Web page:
6. Nairz M, Dichtl S, Schroll A, Haschka D, Tymoszuk P, Theurl I, et al. Iron and innate antimicrobial immunity-Depriving the pathogen, defending the host. J Trace Elem Med Biol. 2018;48: 118–133.

7. Anaemia, iron deficiency and susceptibility to infections. J Infect. W.B. Saunders; 2014;69: S23–S27.

8. Mosbahi K, Wojnowska M, Albalat A, Walker D. Bacterial iron acquisition mediated by outer membrane translocation and cleavage of a host protein. Proc Natl Acad Sci U S A. 2018; doi:10.1073/pnas.1800672115

9. [No title] [Internet]. [cited 19 Jun 2018]. Available: https://www.ncbi.nlm.nih.gov/pmc/articles/PMC2431292/pdf/postmedj00148-0064b.pdf

10. Simon D, Rose C, Bovill BA. Hookworms to treat haemachromatosis? Postgrad Med J. 1997;73: 254–255.

11. Abreu R, Quinn F, Giri PK. Role of the hepcidin-ferroportin axis in pathogen-mediated intracellular iron sequestration in human phagocytic cells. Blood Adv. 2018;2: 1089–1100.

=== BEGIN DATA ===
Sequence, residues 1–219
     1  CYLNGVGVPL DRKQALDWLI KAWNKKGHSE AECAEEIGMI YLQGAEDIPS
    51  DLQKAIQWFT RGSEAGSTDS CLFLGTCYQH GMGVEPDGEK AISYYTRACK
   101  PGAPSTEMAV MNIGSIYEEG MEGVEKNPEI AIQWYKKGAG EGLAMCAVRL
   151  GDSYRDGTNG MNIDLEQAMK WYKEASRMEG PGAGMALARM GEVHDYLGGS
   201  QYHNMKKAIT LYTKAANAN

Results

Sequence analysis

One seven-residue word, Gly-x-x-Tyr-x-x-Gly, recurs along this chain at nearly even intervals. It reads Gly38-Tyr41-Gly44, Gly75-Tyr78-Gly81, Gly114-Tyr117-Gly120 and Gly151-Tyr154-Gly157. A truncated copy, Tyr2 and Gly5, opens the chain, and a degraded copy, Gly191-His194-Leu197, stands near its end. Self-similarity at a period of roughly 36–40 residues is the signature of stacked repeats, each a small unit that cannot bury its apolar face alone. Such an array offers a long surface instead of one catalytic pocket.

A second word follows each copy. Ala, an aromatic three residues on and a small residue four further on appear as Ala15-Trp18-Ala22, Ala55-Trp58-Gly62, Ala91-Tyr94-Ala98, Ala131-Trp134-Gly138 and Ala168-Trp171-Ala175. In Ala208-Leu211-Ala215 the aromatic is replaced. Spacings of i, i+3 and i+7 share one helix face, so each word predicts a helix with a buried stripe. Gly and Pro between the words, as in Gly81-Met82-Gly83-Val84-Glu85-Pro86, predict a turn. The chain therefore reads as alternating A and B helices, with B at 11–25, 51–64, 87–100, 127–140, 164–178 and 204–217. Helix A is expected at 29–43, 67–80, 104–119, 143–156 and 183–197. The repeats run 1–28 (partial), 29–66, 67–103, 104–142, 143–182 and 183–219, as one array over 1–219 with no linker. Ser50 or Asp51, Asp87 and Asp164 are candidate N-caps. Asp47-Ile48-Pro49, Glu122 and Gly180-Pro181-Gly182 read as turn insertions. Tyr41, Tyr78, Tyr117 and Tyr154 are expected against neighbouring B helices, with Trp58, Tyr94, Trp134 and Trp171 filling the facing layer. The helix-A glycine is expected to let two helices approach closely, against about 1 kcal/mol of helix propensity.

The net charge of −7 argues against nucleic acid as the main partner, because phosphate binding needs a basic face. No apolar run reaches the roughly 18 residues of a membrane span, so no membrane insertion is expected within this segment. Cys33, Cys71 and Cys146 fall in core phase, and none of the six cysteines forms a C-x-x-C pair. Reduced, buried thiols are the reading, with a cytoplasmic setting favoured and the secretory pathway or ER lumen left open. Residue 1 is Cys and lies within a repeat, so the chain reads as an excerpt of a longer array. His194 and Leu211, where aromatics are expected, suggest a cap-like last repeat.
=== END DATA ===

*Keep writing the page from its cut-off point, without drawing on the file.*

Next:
12. Croese J, Wood MJ, Melrose W, Speare R. Allergy controls the population density of Necator americanus in the small intestine. Gastroenterology. 2006;131: 402–409.

13. New insights into the pathophysiology of inflammatory bowel disease: microbiota, epigenetics and common signalling pathways [Internet]. [cited 19 Jun 2018]. doi:10.4414/smw.2018.14599

14. Motran CC, Silvane L, Chiapello LS, Theumer MG, Ambrosio LF, Volpini X, et al. Helminth Infections: Recognition and Modulation of the Immune Response by Innate Immune Cells. Front Immunol. 2018;9: 664.